Kim Ung-yong

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Kim Ung-yong
Revised Romanization Gim Ung-yong

Kim Ung-yong (born March 7, 1963[1]) is a South Korean civil engineer and former child prodigy. Kim was listed in the Guinness Book of World Records under "Highest IQ"; the book gave the boy's score as about 210. [2] Guinness retired the "Highest IQ" category in 1990 after concluding IQ tests were too unreliable to designate a single record holder.[3]

Early life

Kim Ung-Yong was born in Hongje-dong, Gangneung, Gangwon, South Korea.[1] His father is Kim Soo-Sun,[1] a professor.[4] He started speaking at the age of 6 months and was able to read Korean, Japanese, English, German and many other languages by his third birthday.[citation needed] By the time he was four years old, his father claimed Ung-Yong had memorized about 2000 words in both English and German. He was writing poetry in Korean and Chinese, and wrote two short books of essays and poems (less than 20 pages).[4]

Early life

At age four he scored over 200 on an IQ test normally given to seven-year-olds.[4][dubious ]

An article was published about him in Look magazine. After reading the article, a teacher and students at Grant High School in Los Angeles began writing to him. In February 1967 his father applied for Kim to be enrolled at Grant High School.[4]

In November 2, 1967, at the age of 5, he appeared on Fuji TV in Japan and amazed guests by solving Differential Equations. During that show, he wrote poems in different languages including English, Mandarin, Spanish, Vietnamese, Tagalog, Japanese and Korean.

On November 5, 1977, Kim solved complicated differential and integral calculus problems on Japanese television.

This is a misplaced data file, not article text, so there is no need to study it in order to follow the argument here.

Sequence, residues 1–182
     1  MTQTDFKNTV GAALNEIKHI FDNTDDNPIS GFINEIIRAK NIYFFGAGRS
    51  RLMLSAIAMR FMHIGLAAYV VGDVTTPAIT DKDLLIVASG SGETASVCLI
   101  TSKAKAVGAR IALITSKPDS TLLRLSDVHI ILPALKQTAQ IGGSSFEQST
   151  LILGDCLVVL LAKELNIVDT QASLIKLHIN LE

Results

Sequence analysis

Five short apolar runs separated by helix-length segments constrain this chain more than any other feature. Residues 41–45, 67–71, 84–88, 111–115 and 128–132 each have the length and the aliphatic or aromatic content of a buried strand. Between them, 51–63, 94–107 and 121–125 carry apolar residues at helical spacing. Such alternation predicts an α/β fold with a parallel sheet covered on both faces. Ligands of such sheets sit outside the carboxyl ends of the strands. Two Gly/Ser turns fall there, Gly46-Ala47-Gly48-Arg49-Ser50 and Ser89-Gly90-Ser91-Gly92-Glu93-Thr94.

Later on, he entered Chungbuk National University. He has majored in civil engineering and received a Ph.D.

As of 2007 he served as adjunct faculty at Chungbuk National University. In March 14, 2014, he became associate professor in Shinhan University, and became vice president of North Kyeong-gi Development Research Center.

Personal life

He is father to two sons. He claims that even his coworkers did not know that he was a prodigy. In an interview with MBC on September 8, 2012, he claimed that the media had exaggerated many facts about his life.

On September 30, 2014, he appeared on a quiz show 1 vs 100 in KBS 2TV.


  1. 1.0 1.1 1.2 "Kim, Ung-Yong". Marquis Who's Who in America. 2012.<templatestyles src="Module:Citation/CS1/styles.css"></templatestyles>
  2. "What ever became of 'geniuses'?". Time. December 19, 1977. Retrieved 2011-05-14. South Korea's Kim Ung-Yong, a 14-year-old prodigy who was speaking four languages and solving integral calculus problems at age four, is said to tip the mental scales at 210, worth a mention in the Guinness Book of World Records.<templatestyles src="Module:Citation/CS1/styles.css"></templatestyles>
  3. Knight, Sam (10 April 2009). "Is a high IQ a burden as much as a blessing?". Financial Times. Financial Times Ltd. Retrieved 7 October 2013.<templatestyles src="Module:Citation/CS1/styles.css"></templatestyles>
  4. 4.0 4.1 4.2 4.3 "Korean genius, 4, poses problem for high school". The Washington Post. AP. April 10, 1967.<templatestyles src="Module:Citation/CS1/styles.css"></templatestyles>

External links

  • ["Korean genius, 4, poses problem for high school". The Washington Post. AP. April 10, 1967.]
  • Record IQ is just another talent, article by Hwang Jurie, The Korea Herald, October 6, 2010
  • "김웅용". Naver People. Retrieved 2007-06-09.<templatestyles src="Module:Citation/CS1/styles.css"></templatestyles>
  • "김웅용". Empas People. Retrieved 2007-06-09.<templatestyles src="Module:Citation/CS1/styles.css"></templatestyles>
  • Super Scholar